How prescient was that (in)famous quote “There is a great future in plastics,” from The Graduate? Plastics have quite literally consumed our world. Between 1950 and 2017, 9.2 billion tons of plastic have been produced and most of that is still with us. There is so much plastic in the ocean that a vortex of plastic waste and debris has formed a 7.7 million square mile garbage patch in the Pacific Ocean. However, out of sight is out of mind, right? The patch is so far from any country’s coastline, no nation will take responsibility for or provide adequate funding to clean it up. Plastics pose a massive environmental and public health threat that is amplified because they really never go away. “Plastic pollution is not just an oceans issue. It’s a climate issue and it’s a human health issue,” said Claire Arkin, communications coordinator for the Global Alliance for Incinerator Alternatives, a global network aiming to reduce pollution and eliminate waste incineration. Legal action is bubbling up, including a lawsuit against ten major consumer products companies (including Crystal Geyser Water, The Clorox Company, and others) for “the nuisance created by their plastic packaging, including polluting California waterways with plastic trash and touting products as recyclable when they’re not.” If the plastic industry remains on its current track, it is projected to consume 19% of the world’s carbon budget by 2040. As if that’s not enough, the current emissions rate for plastic production is roughly double that for oil production; shifting from oil to plastic production will most likely worsen the climate change problem.

As much as plastics are polluting our environment, they are also polluting our bodies and our food sources. It is estimated that people around the world consume a credit card’s worth of plastic each week. Plastics are being found in 8 out of 10 babies and even fetuses. Virtually all adults have been found to have phthalates in their bodies. Phthalates are used in food packaging, flooring, wall coverings, and medical devices, and have been linked to reproductive health issues like low sperm count and early onset of puberty in animals. Endocrine-disrupting chemicals, which can be found in plastics, are now linked to a dramatic drop in sperm counts - an adult male today has 50% as much sperm as his grandfather - as well as tanking testosterone levels. Additionally, Bisphenol A, another chemical found in plastics, has been linked to conception problems and causes miscarriages. If this sounds scary, well... it is. Check out Dr. Shanna Swan’s eye-opening book Count Down for more on the plastic scourge.

Plastic production doesn’t just create significant pollution and contribute to climate change, it is also a social justice issue. Because plastic products are made from petrochemicals, manufacturing facilities emit toxic chemicals like trichloroethane, acetone, and benzene into the environment. The chemicals released are considered dangerous to human health and contribute to skin and lung irritation, as well as cardiac arrhythmia and respiratory arrest. Compounding this problem, most plastic manufacturing facilities are in low-income neighborhoods. People who can’t afford to move are forced to live in toxic fumes.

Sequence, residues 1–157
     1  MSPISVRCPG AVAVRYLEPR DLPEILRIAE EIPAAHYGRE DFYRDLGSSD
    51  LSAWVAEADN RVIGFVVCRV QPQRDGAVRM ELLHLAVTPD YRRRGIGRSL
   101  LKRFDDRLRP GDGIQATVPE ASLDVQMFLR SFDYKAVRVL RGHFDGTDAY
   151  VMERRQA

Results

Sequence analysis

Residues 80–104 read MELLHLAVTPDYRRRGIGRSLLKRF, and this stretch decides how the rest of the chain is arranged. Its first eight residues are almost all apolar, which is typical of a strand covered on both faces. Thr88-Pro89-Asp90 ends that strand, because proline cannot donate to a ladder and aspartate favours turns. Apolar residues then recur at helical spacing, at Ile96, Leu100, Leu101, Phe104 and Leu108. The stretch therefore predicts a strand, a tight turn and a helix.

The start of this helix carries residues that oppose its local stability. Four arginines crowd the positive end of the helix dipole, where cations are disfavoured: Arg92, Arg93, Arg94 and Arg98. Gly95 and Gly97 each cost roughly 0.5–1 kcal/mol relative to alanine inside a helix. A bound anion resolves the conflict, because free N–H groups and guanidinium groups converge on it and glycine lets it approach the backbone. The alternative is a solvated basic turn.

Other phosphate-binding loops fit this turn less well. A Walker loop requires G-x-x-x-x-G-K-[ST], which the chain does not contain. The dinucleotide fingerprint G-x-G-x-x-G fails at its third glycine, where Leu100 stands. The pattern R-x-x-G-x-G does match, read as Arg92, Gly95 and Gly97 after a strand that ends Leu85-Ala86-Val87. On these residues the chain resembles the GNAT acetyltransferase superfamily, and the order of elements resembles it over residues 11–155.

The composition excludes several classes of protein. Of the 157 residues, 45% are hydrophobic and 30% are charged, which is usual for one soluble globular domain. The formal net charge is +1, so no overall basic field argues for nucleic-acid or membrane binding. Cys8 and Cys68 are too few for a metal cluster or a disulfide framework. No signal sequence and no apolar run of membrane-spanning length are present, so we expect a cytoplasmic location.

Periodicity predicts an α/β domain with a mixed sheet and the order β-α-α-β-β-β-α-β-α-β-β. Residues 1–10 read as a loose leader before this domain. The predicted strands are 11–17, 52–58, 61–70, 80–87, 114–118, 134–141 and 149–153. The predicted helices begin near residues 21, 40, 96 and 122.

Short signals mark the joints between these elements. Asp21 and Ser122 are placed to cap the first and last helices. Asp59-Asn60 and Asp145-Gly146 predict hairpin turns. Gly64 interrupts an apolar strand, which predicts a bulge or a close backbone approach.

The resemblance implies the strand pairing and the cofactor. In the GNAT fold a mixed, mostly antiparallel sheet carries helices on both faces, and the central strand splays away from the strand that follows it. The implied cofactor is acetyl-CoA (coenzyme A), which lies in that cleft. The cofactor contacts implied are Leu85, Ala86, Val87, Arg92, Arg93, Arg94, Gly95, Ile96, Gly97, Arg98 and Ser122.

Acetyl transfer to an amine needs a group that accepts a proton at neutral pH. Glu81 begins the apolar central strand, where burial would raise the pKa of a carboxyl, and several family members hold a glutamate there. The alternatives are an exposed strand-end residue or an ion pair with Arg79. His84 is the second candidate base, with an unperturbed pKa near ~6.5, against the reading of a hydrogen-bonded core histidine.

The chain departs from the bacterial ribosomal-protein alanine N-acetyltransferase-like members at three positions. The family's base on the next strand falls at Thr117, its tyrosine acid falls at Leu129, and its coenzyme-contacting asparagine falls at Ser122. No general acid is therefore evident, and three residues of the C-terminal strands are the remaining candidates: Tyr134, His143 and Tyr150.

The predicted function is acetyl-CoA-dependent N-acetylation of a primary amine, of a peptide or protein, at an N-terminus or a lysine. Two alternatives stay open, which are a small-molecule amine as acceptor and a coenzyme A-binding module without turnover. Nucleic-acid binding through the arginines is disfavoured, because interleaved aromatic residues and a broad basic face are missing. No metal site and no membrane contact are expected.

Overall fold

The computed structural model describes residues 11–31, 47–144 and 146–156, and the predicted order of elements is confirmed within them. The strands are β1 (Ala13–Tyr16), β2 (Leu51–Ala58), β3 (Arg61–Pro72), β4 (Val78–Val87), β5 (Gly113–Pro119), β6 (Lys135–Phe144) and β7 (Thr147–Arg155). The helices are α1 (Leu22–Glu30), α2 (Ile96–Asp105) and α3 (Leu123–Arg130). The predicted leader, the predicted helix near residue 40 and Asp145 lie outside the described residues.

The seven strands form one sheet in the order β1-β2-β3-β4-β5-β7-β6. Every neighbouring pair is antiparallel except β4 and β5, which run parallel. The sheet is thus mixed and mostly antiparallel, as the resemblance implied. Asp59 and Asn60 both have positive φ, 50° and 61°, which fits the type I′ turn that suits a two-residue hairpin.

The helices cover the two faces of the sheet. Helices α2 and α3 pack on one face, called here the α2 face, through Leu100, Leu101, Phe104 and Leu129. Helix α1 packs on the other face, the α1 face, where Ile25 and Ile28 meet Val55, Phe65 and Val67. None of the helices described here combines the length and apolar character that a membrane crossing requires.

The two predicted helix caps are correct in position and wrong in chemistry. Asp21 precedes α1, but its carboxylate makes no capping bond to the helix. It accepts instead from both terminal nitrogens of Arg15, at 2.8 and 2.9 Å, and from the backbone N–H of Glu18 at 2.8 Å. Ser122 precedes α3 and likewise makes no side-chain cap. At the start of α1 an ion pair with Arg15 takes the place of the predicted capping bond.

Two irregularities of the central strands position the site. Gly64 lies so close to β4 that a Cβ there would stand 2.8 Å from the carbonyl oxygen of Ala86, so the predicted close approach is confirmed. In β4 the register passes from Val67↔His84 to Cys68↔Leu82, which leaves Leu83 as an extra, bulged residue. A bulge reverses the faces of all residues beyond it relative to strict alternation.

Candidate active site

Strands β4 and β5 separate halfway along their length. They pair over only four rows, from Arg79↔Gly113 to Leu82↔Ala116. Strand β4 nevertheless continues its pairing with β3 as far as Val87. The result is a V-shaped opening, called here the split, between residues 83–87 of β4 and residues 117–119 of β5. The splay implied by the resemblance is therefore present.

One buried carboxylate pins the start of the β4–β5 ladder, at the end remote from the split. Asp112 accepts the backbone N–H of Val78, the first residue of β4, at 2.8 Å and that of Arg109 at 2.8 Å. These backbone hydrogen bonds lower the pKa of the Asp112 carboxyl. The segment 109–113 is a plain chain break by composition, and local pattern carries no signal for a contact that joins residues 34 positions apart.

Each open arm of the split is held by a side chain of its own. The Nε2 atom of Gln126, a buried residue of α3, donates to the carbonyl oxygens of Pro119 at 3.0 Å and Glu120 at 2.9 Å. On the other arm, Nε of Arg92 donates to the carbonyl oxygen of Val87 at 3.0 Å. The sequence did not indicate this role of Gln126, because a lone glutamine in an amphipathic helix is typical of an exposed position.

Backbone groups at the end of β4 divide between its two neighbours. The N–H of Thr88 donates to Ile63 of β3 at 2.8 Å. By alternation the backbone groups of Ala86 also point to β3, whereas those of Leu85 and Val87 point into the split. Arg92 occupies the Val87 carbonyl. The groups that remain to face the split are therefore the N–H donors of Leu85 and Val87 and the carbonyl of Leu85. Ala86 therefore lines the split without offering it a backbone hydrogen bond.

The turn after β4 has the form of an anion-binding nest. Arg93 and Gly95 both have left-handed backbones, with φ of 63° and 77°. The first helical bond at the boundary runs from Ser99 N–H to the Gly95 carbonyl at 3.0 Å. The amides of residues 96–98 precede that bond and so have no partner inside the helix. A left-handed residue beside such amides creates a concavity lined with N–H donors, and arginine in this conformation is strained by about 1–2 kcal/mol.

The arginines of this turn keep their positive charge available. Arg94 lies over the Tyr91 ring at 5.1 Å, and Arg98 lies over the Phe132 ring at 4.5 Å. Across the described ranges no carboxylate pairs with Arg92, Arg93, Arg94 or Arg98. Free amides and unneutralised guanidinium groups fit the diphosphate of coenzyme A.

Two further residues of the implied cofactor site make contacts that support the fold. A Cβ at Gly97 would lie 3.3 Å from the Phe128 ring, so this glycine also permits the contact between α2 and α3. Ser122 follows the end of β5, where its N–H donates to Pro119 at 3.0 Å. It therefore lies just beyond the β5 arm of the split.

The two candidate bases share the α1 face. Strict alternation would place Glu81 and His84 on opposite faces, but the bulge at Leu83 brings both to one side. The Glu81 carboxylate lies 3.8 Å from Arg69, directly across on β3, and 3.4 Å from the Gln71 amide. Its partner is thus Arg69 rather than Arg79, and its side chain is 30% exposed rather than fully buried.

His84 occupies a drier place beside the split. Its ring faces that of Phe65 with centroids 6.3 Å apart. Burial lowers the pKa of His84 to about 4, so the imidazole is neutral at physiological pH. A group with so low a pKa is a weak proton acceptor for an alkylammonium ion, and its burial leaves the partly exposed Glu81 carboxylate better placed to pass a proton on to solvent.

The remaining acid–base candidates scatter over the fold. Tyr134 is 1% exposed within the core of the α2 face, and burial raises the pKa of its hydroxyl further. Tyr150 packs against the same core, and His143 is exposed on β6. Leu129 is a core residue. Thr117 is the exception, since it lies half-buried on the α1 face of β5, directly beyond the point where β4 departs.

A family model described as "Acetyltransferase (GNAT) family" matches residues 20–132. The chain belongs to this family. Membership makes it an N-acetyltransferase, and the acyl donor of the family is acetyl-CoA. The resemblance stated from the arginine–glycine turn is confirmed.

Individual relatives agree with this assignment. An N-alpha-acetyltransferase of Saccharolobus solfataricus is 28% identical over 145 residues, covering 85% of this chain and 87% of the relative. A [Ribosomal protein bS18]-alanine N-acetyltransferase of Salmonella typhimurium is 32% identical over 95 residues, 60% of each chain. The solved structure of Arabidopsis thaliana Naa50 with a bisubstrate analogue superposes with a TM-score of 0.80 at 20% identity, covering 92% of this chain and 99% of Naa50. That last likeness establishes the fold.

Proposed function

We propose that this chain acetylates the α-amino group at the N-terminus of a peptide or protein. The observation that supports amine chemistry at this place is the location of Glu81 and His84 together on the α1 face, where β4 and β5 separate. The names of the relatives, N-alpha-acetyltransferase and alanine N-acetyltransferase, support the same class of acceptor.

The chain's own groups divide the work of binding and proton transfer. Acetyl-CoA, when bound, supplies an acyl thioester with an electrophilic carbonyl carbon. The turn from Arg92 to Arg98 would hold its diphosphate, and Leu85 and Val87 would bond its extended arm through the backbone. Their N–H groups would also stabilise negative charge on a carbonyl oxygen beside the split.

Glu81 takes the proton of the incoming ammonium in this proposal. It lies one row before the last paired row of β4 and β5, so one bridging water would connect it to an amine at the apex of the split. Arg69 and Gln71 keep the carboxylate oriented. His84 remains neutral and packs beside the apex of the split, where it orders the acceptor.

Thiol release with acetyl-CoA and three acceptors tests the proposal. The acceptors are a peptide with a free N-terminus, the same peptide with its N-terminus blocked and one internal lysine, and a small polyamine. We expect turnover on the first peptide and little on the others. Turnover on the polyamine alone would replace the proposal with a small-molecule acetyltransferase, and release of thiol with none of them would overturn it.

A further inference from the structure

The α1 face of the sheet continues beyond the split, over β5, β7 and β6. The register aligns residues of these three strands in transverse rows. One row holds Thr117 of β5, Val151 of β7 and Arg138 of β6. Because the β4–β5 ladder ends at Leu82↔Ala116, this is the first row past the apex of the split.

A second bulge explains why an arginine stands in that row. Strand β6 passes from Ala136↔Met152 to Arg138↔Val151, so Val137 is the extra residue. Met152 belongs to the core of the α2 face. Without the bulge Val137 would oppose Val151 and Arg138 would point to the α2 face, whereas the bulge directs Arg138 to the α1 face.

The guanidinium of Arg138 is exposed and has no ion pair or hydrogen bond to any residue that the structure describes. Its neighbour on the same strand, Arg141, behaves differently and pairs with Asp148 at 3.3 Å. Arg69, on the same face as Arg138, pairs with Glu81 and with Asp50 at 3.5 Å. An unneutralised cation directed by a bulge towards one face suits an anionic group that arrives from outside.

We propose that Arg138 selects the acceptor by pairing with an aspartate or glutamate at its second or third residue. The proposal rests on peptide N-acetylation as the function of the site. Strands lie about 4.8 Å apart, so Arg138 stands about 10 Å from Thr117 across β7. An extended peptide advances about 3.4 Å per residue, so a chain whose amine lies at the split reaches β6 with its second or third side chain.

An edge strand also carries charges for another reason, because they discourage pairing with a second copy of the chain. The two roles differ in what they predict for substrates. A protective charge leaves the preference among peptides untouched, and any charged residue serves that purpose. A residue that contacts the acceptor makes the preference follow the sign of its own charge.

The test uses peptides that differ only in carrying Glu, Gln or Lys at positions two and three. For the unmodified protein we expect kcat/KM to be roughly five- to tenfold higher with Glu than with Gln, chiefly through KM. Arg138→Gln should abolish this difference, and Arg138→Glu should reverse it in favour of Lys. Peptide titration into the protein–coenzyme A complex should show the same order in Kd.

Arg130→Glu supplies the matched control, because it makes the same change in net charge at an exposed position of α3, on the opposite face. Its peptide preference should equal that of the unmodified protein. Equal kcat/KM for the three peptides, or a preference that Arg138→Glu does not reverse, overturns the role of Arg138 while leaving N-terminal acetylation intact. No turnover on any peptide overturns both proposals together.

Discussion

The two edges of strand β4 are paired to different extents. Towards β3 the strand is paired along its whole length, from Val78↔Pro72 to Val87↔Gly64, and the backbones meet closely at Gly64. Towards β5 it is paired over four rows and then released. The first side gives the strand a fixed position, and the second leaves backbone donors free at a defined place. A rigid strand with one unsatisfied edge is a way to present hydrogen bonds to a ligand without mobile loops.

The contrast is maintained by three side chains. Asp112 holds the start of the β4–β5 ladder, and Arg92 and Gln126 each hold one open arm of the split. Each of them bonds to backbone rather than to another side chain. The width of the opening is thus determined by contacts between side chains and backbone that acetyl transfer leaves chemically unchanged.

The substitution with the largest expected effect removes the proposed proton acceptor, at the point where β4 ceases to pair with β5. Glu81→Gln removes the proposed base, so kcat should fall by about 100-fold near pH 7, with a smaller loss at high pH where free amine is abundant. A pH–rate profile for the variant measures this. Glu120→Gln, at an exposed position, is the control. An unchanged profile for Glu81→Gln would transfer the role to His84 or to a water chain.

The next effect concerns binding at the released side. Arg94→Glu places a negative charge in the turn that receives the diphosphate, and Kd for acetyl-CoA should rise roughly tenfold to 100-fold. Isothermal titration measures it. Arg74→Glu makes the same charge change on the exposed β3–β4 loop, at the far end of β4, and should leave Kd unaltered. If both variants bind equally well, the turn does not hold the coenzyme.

Where Do We Go From Here?

Private industry must stop prioritizing short-term profits and start addressing the problems that the currently popular business model of “shareholder Just capitalism” is worsening by the minute. Companies that score high on ESG (Environmental, Social and Corporate Governance) metrics often outperform their peers in stock performance. Investors are recognizing the role businesses should be taking, and rewarding companies who have the right focus, but not just for their ethical stance. Investors can see where the bottom line is and the savvy money realizes that high ESG means a company is a good bet for profits.

Is there hope for business? We think so. While consumers increasingly distrust businesses to do the right thing, in order to win back consumer trust, companies need to do a better job disclosing the potential problems they are creating, while also explaining how they plan to address them. This includes more complete reporting of all emissions, including supply chain emissions. Increasingly, companies are being asked to make ESG commitments like reducing carbon or investing in offsets. These strategies are critical for companies to move to a stakeholder-focused model. Currently, businesses pretend there are no negative effects, but non-profits, government agencies, and the medical community are revealing the truth, leading to more consumer distrust. Consumers may assume the worst from companies if they don’t expressly know otherwise. Businesses must begin to accept the damage their products have caused. One way to do this is with Extended Producer Responsibility (EPR), which requires companies to be willing to accept the long-term effects of their products or packaging. While plastic packaging may be cheaper in the short run, when a company takes into account the cost of managing the disposal of plastics, other packaging will undoubtedly be considered more cost-effective.

In the event the preceding facts aren’t convincing enough, sustainable equity funds outperformed their traditional peers in 2020. This makes complete sense because who would want to invest in outdated, high-risk business models when you can invest with management teams who can do more than just focus on quarterly profit growth? More forward-thinking companies must join the sustainability bandwagon and change the paradigm for how businesses are run.

Because continuing to do just what we have been doing or paying lip service here and there will keep us on the same path careening toward the abyss.

Next: Part 2, first published on May 17th, 2021. Previous: Introduction, first published May 3.

Photo collage elements courtesy of Markus Spiske and Adam Jaime on Unsplash

52 views0 comments

Recent Posts

See All